Gamification has been all the rage in education over the past few years, offering a way of integrating technology into the classroom, redefining how students learn, and better engaging students. Indeed, gamification can offer insights into student motivations and help improve their connection with a topic. But if gamification is so useful in the classroom, what can it offer the workplace?
Despite infrequent utilization, gamification can not only improve workplace performance, but also be used in training, to help supervisors track progress, and to encourage collaboration. The key is to figure out how to modify necessary tasks so that they mimic the strategic, competitive, or narrative nature of games.
When Training Is A Game
For many employees, the most boring aspect of work is training in all its forms. Whether it’s the manuals associated with onboarding or learning new software, training can feel like pulling teeth. Gamification, on the other hand, can offer the necessary motivation to master a new process.
Consider, for example, individuals who are interested in learning about real estate. At Success Path, a program developed by famed house flipper Tarek and Christina El Moussa, new investors are encouraged to play Monopoly to learn what makes a successful investor.
As Christina explains, if you’re going to win at Monopoly, you need to buy all the property you can afford – and the same applies to actual real estate flipping. But of course, there are multiple ways to distribute your money across properties. In the real world and on the Monopoly board, location, timing, and other factors play important roles.
In real estate, of course, experimenting with investment strategies is an expensive way to train, and while Success Path emphasizes that you can’t learn without putting money on the line, Monopoly – or other forms of gamification are a risk-free way to learn the logic of a process. The same applies to any other high-risk learning activity. From learning a new piece of equipment to practicing customer service interactions, professional play offers an ideal way to understand a process.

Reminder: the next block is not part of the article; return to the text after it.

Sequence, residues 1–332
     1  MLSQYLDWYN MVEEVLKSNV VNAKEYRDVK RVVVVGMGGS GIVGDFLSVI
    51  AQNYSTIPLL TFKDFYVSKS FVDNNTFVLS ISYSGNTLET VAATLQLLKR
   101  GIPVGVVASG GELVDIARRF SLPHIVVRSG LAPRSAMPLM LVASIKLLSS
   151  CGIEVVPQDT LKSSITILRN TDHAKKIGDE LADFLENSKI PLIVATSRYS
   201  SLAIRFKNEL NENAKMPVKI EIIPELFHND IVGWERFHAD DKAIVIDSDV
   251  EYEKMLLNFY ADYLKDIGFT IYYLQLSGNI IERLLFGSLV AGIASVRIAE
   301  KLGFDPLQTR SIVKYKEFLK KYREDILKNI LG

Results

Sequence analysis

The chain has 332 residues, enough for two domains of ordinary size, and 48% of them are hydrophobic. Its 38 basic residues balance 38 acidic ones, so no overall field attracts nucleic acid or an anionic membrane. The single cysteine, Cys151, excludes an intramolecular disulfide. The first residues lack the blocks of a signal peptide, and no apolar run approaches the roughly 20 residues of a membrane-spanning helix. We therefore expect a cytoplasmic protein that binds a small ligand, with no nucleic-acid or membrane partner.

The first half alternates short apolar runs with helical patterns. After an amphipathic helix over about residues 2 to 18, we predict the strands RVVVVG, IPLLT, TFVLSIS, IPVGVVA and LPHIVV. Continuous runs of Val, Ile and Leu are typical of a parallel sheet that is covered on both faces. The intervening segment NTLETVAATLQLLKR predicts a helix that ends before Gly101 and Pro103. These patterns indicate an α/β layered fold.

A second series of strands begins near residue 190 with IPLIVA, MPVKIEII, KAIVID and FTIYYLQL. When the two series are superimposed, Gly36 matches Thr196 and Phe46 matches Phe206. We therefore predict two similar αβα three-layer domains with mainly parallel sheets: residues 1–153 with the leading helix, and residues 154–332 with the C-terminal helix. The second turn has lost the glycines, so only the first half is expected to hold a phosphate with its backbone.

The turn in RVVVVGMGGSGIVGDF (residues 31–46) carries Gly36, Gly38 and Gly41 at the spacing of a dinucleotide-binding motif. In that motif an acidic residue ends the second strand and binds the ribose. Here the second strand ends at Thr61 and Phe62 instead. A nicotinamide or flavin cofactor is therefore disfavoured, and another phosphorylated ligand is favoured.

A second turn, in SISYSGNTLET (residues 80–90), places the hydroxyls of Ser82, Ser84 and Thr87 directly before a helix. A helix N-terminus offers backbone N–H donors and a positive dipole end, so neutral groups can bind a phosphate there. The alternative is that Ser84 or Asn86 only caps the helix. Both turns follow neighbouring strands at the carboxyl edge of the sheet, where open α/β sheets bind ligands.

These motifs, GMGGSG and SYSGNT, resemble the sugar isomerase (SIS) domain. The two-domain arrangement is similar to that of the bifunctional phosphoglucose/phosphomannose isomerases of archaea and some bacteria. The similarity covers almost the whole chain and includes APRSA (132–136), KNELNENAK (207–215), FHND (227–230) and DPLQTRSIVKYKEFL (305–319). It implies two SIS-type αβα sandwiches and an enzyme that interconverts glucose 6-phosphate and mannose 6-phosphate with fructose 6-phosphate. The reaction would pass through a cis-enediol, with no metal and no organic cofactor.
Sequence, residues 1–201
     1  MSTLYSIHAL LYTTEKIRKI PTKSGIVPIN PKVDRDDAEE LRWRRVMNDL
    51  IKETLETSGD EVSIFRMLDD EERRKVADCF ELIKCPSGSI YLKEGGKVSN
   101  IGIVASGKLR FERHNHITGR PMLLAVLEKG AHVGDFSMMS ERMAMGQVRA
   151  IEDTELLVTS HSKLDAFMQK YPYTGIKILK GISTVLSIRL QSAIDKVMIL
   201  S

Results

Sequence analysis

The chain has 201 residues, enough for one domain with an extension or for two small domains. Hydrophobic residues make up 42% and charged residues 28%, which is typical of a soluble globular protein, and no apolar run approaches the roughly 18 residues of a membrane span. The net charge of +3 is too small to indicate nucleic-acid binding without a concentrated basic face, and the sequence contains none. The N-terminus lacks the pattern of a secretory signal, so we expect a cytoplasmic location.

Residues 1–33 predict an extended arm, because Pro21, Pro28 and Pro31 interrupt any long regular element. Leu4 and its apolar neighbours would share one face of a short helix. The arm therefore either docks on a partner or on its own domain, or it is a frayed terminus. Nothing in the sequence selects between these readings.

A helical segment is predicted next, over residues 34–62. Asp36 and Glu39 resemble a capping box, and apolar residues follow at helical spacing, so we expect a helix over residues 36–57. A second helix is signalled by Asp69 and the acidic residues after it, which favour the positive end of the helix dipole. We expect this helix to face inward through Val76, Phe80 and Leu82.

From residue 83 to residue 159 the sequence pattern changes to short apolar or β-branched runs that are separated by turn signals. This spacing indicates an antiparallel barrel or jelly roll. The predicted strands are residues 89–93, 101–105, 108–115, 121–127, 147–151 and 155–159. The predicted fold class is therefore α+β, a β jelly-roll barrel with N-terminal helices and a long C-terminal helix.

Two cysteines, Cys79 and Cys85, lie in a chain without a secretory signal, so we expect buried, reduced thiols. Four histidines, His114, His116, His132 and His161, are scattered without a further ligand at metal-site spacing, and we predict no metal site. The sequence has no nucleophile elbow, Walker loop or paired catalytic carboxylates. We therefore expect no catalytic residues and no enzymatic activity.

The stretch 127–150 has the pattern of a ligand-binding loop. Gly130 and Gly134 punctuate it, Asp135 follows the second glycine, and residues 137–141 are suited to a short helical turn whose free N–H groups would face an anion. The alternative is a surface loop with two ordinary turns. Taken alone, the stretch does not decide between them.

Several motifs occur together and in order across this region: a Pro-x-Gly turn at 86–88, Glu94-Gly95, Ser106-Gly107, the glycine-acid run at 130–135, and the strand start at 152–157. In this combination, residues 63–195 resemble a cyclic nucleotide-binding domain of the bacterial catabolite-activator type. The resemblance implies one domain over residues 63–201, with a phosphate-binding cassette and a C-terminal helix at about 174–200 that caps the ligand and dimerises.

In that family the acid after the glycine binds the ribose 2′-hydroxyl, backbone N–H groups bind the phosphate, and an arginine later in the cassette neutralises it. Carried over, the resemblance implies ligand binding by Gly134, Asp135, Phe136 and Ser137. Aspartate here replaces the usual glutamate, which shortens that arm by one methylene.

Motivation And Information
Another reason gamification is popular in the workplace is that it can add an increased degree of motivation to everyday activities – and with added motivation comes improved morale and productivity. Some forms of gamification, such as that enabled by Taskworld, measures progress, creates competition, and allows employees to experience a sense of achievement surrounding tasks they would otherwise perform in isolation.
Gamification also enhances professional motivation through what’s known as cascading information theory. Cascading information theory relies on the idea that the user or worker is continuously unlocking new information and experiences. Users stay engaged because they are pressed by time limits, encouraged by bonuses, or are on a mission to discover information needed to solve internal problems. And more than any other factor, most of us are driven by loss aversion. Employees don’t want to lose, even if the stakes are low or the game is invented simply for motivational purposes. Not losing is enough of a reason to keep going.
Monitoring And Assessing Performance
Finally, gamification is an ideal way to simplify and enhance workplace performance reviews. First, most employees know when they’re stuck on a task or not performing well, but with gamification, performance is visualized at all time. Gamification not only provides preemptive feedback on an employee’s work, but it can provide the motivation to break out of a rut.
When it comes time for a formal review, gamification also offers advantages for the supervisors. In general, these systems quantify an individual’s work so that supervisors can highlight successes and failures, compare performance across employees, and more. The startup EvaluAgent sets staff goals in alignment with those for the larger business, using their game-based work system. If employees perform to these goals, then the whole company succeeds. And with performance numbers at the ready and set in comparison to goals, evaluations are virtually pre-written.
Gamification has shown to improve cognitive agility, motivation, and morale, among other factors, yet it remains far more popular in the classroom than in the workplace. Particularly at the startup level, then, it’s time for businesses to use play to innovate. Work could be much more fun – and more productive – with gamification.